2. Know the lineup of vape devices. Learn how to identify vapes and "stealth" e⁠-⁠cigarettes. Teens may use vapes that look like other objects, such as smart watches. Find out how vapes work and how to spot these devices.
  3. Defend against youth vaping. Be proactive and address the dangers of vaping as part of your teaching and coaching strategy. Include vaping prevention in your guidance on physical fitness, conditioning, diet, and game preparation.
  4. Study the film. Show young athletes the cautionary stories from other teen athletes. Make review and discussion of these stories part of your classes and practice sessions. Ask students to research media reports about how vaping affects youth athletes for a team discussion, or as part of a class assignment about the dangers of nicotine.
  5. Be ready to spot symptoms of nicotine addiction. During a game, you know when a player is tired and needs to come off the field. In class, you know when a student is distracted. You can also learn to identify signs of vape use and addiction. Common signs of vaping addiction include an inability to stop vaping or feeling anxious or irritable due to cravings when not vaping. These may signal that a teen needs help.
  6. Lead by example. You teach and coach within tobacco-free environments, but it's important to always be tobacco-free around teens. If you need help quitting, visit for additional resources.
  7. Foster a team spirit. Encourage healthy habits and preparation as a key part of classroom and athletic culture. Spotlight the fact that vaping nicotine can decrease athletic performance. At the same time, remember that teens who use nicotine need help from caring adults—and their teammates. Be open to teens' questions about vaping, urge them to support their peers' efforts to quit, and visit FDA's Tobacco Education Resource Library to find up-to-date resources for you to share with teens as you continue the conversation.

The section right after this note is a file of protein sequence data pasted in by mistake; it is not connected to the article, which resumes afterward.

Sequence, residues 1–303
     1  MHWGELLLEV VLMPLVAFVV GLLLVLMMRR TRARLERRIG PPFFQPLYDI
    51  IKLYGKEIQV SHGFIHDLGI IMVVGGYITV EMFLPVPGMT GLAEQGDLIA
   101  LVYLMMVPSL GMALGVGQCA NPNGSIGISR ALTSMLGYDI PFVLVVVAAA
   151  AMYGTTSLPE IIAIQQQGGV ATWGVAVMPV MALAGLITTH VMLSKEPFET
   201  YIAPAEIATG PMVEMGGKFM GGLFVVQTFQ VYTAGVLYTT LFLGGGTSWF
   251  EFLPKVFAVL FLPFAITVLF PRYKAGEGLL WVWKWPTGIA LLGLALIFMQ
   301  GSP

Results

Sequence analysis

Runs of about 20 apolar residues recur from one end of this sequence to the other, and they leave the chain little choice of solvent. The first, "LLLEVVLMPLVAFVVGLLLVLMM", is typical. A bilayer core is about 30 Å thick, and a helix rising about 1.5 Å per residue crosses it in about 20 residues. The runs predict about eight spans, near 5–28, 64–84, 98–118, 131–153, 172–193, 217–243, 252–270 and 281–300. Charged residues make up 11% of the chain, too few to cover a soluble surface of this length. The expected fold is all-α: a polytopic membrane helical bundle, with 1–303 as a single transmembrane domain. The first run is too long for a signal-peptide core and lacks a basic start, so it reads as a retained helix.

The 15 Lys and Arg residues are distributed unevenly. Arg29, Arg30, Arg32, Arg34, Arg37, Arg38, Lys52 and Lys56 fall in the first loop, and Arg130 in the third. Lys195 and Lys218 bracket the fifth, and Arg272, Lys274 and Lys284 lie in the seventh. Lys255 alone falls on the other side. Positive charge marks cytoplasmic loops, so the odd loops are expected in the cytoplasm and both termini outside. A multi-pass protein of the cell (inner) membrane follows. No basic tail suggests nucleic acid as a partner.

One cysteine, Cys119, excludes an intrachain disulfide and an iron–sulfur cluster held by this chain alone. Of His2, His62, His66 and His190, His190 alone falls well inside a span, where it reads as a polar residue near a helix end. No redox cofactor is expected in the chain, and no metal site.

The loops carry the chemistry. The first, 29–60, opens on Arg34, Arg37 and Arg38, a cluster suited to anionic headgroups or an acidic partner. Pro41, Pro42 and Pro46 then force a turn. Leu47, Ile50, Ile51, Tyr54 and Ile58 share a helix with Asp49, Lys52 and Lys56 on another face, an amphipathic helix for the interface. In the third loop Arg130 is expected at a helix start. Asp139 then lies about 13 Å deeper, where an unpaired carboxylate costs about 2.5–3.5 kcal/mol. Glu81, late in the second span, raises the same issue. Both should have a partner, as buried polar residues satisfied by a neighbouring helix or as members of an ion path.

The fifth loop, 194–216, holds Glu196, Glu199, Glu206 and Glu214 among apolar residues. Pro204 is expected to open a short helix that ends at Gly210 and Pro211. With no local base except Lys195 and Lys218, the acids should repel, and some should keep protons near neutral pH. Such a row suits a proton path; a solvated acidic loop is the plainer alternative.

8. Huddle with parents. Tell parents and caregivers that your lessons and coaching sessions include messages about the risks of vaping. Mention the topic during parent-teacher conferences, pickups and drop-offs, or PTA meetings. Share links to resources you find helpful so parents can study the topic and talk with teens at home.
two teens enjoying conversation on a bench


Whether youth athletes are highly competitive on the starting squad or playing just for fun, they don’t need added pressures. Balancing school with extracurricular activities like sports can be stressful, and vaping nicotine can hamper their goals. With help from teachers and coaches like you, teens can avoid nicotine and strive for their healthiest and fullest potential.


At FDA, we see a future in which tobacco-related disease is part of the past, helping to ensure a healthier life for every family. Our aim is to provide science-based resources for families and teens that will make our vision a reality.